Fat was once said to be a feminist issue.
It is fast becoming an economic one. A quarter of Scots are now obese, we are told. That's more than one million people whose excess weight raises their potential to develop diabetes, heart disease and a slew of other expensive ailments. Together they could bankrupt the National Health Service.
An Edinburgh-based surgeon has one answer to a problem that is approaching like a tsunami. He advocates bariatric surgery. If you shrink a person's stomach and they can't eat enough to gain weight, kilos melt away. They return to a healthy size. Surgery, he argues, is a cost-effective investment.
The trouble is we have more than one million obese people but operate on only 200 a year. At that rate the NHS will be engulfed.
Money is needed to fund more surgery, says surgeon Andrew de Beaux. He asks whether money currently spent on giving the dying six or eight extra weeks of life at a cost of £20,000-£30,000 is the best use of resources.
He says: "It's trying to get a balance between very expensive treatments with very little benefit. But because they have emotive benefit, we spend money on them."
Is he right? Is it sentimental to spend limited cash resources on someone who will soon die anyway? Should we trim the budget for the final months and days of cancer patients and heart patients to offer the obese a lengthier, healthier future? Is your worth to mankind measured in the time you have left?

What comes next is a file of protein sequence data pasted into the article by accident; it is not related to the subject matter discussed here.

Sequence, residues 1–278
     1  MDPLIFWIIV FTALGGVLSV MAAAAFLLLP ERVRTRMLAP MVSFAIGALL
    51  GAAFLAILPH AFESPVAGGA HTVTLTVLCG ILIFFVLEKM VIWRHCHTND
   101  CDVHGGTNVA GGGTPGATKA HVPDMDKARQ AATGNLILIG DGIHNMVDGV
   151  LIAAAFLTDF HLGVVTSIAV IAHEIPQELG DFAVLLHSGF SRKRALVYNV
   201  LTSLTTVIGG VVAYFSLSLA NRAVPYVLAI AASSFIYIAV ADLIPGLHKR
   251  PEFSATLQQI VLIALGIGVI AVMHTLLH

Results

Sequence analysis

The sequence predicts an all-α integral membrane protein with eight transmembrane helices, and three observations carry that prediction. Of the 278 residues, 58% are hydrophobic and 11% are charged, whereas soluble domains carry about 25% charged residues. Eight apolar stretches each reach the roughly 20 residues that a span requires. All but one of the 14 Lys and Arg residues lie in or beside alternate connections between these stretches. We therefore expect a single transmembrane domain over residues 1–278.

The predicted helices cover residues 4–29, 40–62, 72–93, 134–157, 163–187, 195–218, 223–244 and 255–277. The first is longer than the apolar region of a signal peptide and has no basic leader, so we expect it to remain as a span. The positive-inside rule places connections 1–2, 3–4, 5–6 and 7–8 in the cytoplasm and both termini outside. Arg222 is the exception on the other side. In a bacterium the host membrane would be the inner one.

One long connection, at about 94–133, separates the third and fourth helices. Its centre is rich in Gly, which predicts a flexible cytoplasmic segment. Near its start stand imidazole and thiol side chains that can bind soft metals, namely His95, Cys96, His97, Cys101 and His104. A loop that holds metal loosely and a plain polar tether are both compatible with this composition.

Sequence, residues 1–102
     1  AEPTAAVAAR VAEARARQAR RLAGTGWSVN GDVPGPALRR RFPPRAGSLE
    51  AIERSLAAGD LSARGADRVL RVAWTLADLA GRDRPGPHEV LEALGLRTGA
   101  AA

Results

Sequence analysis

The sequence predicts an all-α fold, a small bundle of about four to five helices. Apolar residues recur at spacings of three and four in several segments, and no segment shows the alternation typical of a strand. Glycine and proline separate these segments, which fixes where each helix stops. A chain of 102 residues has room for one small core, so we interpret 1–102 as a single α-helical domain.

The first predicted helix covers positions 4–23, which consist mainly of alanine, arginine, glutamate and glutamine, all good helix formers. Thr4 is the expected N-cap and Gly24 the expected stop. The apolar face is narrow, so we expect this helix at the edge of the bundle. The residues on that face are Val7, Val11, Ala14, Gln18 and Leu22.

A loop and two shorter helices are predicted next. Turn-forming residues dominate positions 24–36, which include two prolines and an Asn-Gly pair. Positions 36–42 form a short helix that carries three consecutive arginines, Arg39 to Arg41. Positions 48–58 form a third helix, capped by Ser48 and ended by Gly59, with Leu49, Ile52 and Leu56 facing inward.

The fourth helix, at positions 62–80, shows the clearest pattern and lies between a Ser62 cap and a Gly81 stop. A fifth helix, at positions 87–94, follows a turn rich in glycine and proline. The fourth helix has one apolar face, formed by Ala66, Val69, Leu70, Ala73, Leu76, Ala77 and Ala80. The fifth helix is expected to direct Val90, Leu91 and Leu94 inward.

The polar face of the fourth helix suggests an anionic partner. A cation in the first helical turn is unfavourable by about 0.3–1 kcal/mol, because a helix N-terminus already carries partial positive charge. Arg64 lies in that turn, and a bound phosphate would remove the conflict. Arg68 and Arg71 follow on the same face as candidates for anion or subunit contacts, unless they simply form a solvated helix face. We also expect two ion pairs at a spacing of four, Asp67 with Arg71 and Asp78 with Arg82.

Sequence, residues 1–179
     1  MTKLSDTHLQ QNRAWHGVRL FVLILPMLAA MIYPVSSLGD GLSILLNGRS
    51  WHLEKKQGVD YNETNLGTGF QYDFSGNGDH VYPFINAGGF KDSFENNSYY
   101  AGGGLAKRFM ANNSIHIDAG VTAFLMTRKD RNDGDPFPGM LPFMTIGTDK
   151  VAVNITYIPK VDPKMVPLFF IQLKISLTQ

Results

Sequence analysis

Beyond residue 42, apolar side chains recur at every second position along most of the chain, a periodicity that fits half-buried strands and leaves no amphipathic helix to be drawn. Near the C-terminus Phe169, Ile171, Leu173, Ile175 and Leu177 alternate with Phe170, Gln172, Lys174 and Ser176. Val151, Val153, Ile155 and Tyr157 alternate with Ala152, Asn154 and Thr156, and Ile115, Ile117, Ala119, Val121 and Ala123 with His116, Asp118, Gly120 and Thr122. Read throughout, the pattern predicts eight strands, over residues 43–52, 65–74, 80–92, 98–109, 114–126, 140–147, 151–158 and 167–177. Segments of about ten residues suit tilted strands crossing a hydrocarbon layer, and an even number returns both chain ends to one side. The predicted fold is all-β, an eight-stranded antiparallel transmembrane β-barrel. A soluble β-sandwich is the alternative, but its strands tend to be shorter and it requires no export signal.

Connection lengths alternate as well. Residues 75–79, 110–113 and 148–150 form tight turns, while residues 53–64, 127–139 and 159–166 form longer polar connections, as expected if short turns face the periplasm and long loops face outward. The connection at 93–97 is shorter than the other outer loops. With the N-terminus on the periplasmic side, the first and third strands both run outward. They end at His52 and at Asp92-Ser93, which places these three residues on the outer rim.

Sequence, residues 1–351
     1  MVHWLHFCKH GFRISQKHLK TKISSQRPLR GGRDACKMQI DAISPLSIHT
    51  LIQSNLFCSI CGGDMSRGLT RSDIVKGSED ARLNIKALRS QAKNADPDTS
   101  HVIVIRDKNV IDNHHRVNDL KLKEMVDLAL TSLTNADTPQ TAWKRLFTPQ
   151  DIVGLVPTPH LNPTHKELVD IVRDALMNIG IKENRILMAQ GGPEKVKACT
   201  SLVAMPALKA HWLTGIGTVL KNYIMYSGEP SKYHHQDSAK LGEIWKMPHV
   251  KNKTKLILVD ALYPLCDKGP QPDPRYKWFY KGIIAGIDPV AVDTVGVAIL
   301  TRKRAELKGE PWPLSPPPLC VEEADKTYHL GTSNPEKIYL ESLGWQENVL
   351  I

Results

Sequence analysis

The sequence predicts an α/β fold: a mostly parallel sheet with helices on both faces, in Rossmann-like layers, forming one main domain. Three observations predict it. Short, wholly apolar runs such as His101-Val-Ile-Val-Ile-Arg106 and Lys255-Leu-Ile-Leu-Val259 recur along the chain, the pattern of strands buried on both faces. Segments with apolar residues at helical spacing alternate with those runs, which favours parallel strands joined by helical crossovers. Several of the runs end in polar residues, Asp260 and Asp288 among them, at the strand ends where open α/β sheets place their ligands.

People will quote precedent. They'll say the Inuit habitually left their old and infirm to die on ice floes. But the claim is exaggerated. The practice was rare and usually restricted to famine conditions.
The simple fact is we don't love or value our family members less when they near death. If anything we value them more. If they still have a quality of life they can enjoy, don't they deserve to live as long as possible – even if their final days are financially costly?
Better provision of palliative care is espoused by the Scottish Government. It is welcome news for the rising tide of Scots who are over 75 years old and the one million plus who have a long-term health condition. A recent report estimates that three-quarters of the dying could benefit from palliative care.
People need and should have support when they confront the pain, breathlessness, fatigue, anxiety, depression and nausea that can accompany the end of life. We all want to look forward to "a good death". We want our loved ones to benefit from it. Why should they suffer to help the obese? But how would they – and how would we – measure a few extra weeks against a cost that runs to tens of thousands of pounds? Would it seem greedy?
It's a hard one. What does an air-sea rescue cost? What about the price of fetching a rambler off a mountainside? Car accidents involve police time and court time as well as incurring hospital costs.
Should we fight less hard to keep premature babies alive? Should we spend heavily to maintain the lives of people with long-term, life-threatening conditions? Once we start to choose who lives and who dies, where do we draw the line?
And yet Dr de Beaux has a point. Resources are limited and money must be seen to be well spent. The question then is, are the obese the most deserving of it?